Running shoes suck, or the day I began loving running in sandals

In a previous attempt to get in shape I depended a lot on “common knowledge” in gearing myself up. I went to a pro shoe store and showed them my gait (somewhere between a drunk rhino and a seizure) and was recommended serious support shoes. Like… $150 serious. “You need padding too big guy, you’re not built like a runner”. So I got a pair of ascics. A big, fluffy “supporty” pair of shoes, and I got to running. And it seemed the more I ran, the more everything other than my feet hurt. Ankle. Achilles. Knees. Hips. Etc. But I kept running, got skinnier, and basically hit a wall. 5 miles was about it for me back then. I ran it around a 9 minute pace, but the pounding I took began hurting almost the instant I started the run.

Fast forward and these days the idea of “minimalist” running is a hot fad. The Indians ran this way, still do! How bout those fellas down there in Africa, huh? Barefoot!

Yes. However, it took till today for it to finally click that it isn’t the barefoot that makes the running better. It is a bit like playing the game operation. Running in “running shoes” is like taking the batteries out. The buzzer doesn’t go off, but you’re killing the patient. Running in minimalist, or barefoot or even in sandals gives you something those $150 Nikereebokbrookwhatevers don’t: feedback. If you run badly, your feet scream: HEY IDIOT! STOP THAT!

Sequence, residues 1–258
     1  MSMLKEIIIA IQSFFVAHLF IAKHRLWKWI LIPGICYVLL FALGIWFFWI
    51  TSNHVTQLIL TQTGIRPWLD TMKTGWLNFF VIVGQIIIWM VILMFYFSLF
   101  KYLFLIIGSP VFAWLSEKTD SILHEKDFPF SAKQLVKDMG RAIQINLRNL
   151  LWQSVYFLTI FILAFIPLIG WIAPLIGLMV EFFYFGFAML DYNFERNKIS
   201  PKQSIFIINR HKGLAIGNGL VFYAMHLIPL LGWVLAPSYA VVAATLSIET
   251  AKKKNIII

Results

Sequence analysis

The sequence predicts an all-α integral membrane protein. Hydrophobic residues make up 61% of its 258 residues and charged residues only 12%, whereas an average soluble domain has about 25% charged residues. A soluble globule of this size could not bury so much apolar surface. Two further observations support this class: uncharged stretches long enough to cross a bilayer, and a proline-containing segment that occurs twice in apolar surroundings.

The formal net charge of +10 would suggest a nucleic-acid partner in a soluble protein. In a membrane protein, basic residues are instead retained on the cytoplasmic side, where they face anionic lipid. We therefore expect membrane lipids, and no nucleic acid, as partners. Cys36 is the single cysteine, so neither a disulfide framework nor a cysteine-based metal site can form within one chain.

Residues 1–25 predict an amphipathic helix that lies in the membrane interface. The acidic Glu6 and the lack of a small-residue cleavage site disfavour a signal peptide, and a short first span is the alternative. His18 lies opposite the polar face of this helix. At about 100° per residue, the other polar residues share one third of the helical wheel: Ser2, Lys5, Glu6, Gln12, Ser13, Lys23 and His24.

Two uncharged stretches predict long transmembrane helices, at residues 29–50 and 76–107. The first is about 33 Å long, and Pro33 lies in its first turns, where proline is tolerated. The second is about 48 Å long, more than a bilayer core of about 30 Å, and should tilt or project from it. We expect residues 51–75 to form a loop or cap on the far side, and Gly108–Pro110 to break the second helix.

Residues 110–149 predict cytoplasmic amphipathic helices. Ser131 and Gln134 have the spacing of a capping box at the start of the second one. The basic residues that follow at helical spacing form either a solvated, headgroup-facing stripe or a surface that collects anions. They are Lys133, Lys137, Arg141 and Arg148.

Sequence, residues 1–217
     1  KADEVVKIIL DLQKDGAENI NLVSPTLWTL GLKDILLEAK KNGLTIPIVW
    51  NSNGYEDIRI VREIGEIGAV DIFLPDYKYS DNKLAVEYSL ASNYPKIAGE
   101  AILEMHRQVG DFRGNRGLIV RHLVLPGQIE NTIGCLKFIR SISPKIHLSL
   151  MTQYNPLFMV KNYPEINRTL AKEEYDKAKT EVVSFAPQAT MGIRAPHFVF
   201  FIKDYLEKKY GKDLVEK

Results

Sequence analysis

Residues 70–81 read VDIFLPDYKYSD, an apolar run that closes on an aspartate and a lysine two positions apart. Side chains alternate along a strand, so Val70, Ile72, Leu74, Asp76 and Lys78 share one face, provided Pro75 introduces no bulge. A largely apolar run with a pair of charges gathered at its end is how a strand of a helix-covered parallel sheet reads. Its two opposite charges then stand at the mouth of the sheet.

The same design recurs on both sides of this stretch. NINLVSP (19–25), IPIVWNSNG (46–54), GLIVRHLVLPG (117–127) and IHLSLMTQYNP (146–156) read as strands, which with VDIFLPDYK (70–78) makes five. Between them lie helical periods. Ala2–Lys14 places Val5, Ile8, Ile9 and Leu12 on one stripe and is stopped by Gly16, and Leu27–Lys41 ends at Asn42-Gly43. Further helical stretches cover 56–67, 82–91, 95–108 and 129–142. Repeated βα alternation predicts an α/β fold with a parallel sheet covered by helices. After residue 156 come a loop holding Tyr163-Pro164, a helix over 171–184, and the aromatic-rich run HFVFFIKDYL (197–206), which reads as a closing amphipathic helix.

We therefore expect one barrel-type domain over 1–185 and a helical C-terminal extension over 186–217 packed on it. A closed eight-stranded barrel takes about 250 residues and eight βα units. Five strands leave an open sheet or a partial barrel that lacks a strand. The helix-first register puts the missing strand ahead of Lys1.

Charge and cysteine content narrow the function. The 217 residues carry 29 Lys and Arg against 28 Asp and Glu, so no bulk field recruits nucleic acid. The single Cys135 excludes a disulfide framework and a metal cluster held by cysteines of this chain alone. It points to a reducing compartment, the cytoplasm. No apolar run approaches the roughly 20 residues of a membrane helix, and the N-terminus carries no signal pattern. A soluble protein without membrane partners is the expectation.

I took yesterday off because, well, I ran over 20 miles last week apparently. And my body wanted a break. So I chilled. I decided, hey, let’s take the weekend off. Except I couldn’t. I had to go punch out a mile, except it was getting dark, I’d eaten dinner a couple hours before, excuse, excuse blah. So I threw my $10 thong sandals on, threw on a visor, grabbed my roadID and key and took off.

I figured “this will hurt right off, I’ll turn around and just go lay down”. Except… I didn’t. It felt good, no GREAT. The air keeping my feet dry and cool. The sandals falling right under the ball of my foot as I brought them down gently to the pavement. I pushed harder once I warmed up and realized I was flying. I didn’t have my phone, but I was going significantly faster than normal, and I kept it up.

WHOA! A slip of attention and my sandal skewed and I realized that the reason I was going so well, so fast, so smoothly, was because if I DIDN’T, my sandals would fly sideways and I would have a very unpleasant meeting of toe to cement. I began paying much more attention to my form, fixing my strike pattern, tempo, arm swing, everything, to make those sandals clop clop clop evenly and smoothly.

WOW. Before I knew it a 1/2 mile flew by. I jammed by a few folks out for an evening walk and they gave me strange looks. The sandal sound was unique and you could hear me a few hundred yards out. Slap slap slap. WTF is this dude doing running in sandals?

Before I knew it, the mile came up and I wasn’t even tired. My feet, ankles and knees felt fantastic. I wanted more… but I knew better. Start it out slow. 1 mile first. The thong part of the sandal would definitely, in time, begin to wear on my feet until they get used to it. But that didn’t matter in the least. I’d just run my first sandal mile. Although I didn’t have a means of measuring the time, I know it was well under 11 minutes, probably under 10. I might make this a habit. A sandal mile every night. Who wants in?

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